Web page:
Suicide is nearly incomprehensible. Wanting to end pain, whether psychic or physical—and they both can feel unbearable—we understand. Putting your loved ones in that hurt locker like no other . . . we can't.
Chris Cornell was the last celebrity I would have expected to kill himself. He had talent, a creative life, and a family he was very close to. Like Eddie Vedder, he seemed to have emerged into a mid-life that was healthy and happy while still being a compelling artist.
We don't know what was going on with him leading up to his death, and it's possible that his death was the result of a prescription drug related state rather than a truly deliberate suicide. But two artists have helped me make sense of at least the idea of suicide this week.
One is the singer-songwriter Sara Groves, who wrote a song about addiction called "On Your Mark." (Listen to the song here.) These are the lyrics that struck me:
Days they turn into lifetimes
Water it drips on a rock
What could be stronger in time
Than our fears and our thoughts
Soft water wearing down hard rock is a well-used analogy, for good reason. The relentless pressure of bad thoughts can wear down even the strongest rocks of our lives: love, children, hope, reason, even the fun and thrills and small delights that light up existence. This is the power of time.
The other artist is John Knowles, who wrote the high school curriculum classic A Separate Peace. If you haven't read this short novel, you may want to skip the rest. In the novel, the teenage protagonist makes a split-second decision that has terrible repercussions. Simmering with resentment at the annoying good fortune and charm of his best friend, he has an impulse to shake the bough of a tree that his friend is perched on. This friend, this golden boy, falls to the ground and breaks his back.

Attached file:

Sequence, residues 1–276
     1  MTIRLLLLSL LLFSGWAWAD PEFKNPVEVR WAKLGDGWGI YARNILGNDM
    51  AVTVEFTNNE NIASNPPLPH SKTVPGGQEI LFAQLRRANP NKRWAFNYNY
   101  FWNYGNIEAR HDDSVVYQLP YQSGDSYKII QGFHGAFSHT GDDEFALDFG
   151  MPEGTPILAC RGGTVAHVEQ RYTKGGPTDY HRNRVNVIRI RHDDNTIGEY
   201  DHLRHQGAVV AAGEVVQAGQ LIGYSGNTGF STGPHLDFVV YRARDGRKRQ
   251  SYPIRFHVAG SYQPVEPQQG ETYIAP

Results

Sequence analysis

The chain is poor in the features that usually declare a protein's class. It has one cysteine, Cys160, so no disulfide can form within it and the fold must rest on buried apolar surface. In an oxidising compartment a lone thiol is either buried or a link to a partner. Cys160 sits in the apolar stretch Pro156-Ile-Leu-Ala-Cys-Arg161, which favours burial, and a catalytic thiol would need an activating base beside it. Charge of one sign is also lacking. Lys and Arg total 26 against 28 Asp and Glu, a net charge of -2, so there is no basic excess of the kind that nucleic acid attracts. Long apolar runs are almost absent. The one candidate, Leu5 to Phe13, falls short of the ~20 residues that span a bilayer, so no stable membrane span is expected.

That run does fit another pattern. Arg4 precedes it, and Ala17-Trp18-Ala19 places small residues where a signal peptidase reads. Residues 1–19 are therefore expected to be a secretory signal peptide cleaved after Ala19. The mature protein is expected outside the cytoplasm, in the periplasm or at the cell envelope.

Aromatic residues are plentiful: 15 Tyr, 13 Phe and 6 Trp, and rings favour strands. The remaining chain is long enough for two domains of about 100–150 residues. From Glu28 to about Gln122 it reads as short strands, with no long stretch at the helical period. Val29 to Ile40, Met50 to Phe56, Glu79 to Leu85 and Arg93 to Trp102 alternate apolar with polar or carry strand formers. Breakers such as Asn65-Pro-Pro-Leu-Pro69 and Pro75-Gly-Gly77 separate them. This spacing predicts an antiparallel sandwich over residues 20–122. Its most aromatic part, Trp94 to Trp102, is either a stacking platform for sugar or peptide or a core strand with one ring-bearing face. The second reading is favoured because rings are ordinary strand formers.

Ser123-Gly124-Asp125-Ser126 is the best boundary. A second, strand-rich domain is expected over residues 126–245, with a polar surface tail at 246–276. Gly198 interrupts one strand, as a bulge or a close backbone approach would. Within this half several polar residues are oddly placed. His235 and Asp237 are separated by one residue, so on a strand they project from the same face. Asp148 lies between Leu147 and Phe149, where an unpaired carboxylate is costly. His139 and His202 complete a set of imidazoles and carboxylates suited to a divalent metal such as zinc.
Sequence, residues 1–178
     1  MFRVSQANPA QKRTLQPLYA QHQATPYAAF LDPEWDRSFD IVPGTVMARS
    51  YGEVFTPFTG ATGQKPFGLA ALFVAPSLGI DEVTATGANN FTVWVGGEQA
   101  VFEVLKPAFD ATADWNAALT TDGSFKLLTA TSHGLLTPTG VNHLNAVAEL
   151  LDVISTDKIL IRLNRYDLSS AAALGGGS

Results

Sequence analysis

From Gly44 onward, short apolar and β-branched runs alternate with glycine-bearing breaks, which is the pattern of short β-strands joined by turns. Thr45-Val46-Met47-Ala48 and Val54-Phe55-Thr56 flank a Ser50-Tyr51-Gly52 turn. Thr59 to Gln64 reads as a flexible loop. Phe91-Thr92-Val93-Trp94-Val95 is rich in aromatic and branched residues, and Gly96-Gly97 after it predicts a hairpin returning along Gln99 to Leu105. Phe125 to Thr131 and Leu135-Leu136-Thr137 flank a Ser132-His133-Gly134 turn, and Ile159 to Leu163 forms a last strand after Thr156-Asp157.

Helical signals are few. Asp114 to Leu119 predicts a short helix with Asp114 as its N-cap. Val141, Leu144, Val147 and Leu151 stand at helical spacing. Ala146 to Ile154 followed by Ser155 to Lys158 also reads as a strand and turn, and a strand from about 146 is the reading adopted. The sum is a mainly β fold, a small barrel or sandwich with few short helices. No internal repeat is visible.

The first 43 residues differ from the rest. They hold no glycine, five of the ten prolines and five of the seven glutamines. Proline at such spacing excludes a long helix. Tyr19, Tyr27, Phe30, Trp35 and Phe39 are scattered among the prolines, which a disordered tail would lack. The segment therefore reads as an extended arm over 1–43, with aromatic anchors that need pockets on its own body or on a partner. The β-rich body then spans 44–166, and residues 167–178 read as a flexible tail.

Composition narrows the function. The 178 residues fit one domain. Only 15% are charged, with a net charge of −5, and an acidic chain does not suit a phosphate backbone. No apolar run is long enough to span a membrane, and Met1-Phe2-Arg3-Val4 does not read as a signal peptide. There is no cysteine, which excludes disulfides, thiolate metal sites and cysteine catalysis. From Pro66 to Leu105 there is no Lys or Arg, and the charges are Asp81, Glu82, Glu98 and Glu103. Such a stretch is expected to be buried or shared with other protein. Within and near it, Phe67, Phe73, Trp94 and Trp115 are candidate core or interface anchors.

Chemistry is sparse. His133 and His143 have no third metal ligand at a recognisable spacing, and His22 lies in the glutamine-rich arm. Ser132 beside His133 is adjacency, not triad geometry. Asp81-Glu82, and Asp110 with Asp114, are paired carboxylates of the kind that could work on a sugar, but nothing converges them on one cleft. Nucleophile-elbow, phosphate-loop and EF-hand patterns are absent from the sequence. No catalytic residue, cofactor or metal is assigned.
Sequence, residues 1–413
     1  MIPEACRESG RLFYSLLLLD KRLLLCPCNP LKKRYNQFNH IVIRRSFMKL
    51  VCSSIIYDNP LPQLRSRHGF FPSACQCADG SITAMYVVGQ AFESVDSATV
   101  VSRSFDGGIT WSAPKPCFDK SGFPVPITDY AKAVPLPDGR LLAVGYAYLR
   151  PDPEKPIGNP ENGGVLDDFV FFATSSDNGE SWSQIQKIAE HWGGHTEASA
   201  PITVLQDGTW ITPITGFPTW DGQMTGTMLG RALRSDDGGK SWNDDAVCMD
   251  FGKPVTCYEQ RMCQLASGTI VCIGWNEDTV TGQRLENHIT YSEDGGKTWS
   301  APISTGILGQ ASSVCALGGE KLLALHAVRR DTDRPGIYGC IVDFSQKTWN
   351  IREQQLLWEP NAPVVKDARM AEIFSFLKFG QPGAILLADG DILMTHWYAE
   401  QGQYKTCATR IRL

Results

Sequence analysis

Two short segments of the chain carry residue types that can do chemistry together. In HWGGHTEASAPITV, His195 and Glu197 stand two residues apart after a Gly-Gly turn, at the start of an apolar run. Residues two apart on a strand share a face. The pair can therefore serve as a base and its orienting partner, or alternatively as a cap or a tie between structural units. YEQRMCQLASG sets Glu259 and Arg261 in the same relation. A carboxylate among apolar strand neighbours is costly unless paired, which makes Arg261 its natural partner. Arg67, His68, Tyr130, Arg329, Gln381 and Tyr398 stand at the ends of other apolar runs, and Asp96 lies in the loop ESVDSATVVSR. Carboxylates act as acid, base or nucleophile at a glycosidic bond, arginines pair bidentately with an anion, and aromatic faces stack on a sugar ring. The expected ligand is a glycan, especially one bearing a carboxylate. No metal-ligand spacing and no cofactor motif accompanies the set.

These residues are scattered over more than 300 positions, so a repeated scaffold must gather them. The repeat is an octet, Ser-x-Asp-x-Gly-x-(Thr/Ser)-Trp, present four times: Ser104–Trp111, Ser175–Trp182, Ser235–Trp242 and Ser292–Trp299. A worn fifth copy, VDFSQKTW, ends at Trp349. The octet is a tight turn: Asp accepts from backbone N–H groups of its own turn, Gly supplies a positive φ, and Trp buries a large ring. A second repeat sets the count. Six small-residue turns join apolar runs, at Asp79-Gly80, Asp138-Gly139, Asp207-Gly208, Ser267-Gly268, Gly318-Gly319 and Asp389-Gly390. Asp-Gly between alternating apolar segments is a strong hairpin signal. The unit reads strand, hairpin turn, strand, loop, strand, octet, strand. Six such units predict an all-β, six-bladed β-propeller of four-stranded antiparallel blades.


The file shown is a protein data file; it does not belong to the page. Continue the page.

The frailty of the human body has always seemed one of the best arguments against intelligent design. Who would design a body that, if deprived of air for a minute or two, expires? That can be destroyed by a passing accident? Bill Cosby described how, when he was a child, his older brother died and he stood by the coffin thinking, "Just get up." It seemed crazy that his brother's death was irreversible. It just takes a second to alter everything. This is the power of the moment.
Suicide is the lethal collision of the power of time and the power of the moment. The wearing down of the mind—whose attachment to family and the prospect of happiness normally keep us bolted to life—weakens us so that our momentary bad judgment becomes irreversible.
A man who survived a jump off the Golden Gate Bridge spoke with NPR about the experience. He was, of course, depressed and suicidal. But, he said, the moment he jumped, he instantly regretted it. He knew immediately that it was a terrible mistake. He miraculously survived, but for most, immediately is just not quick enough.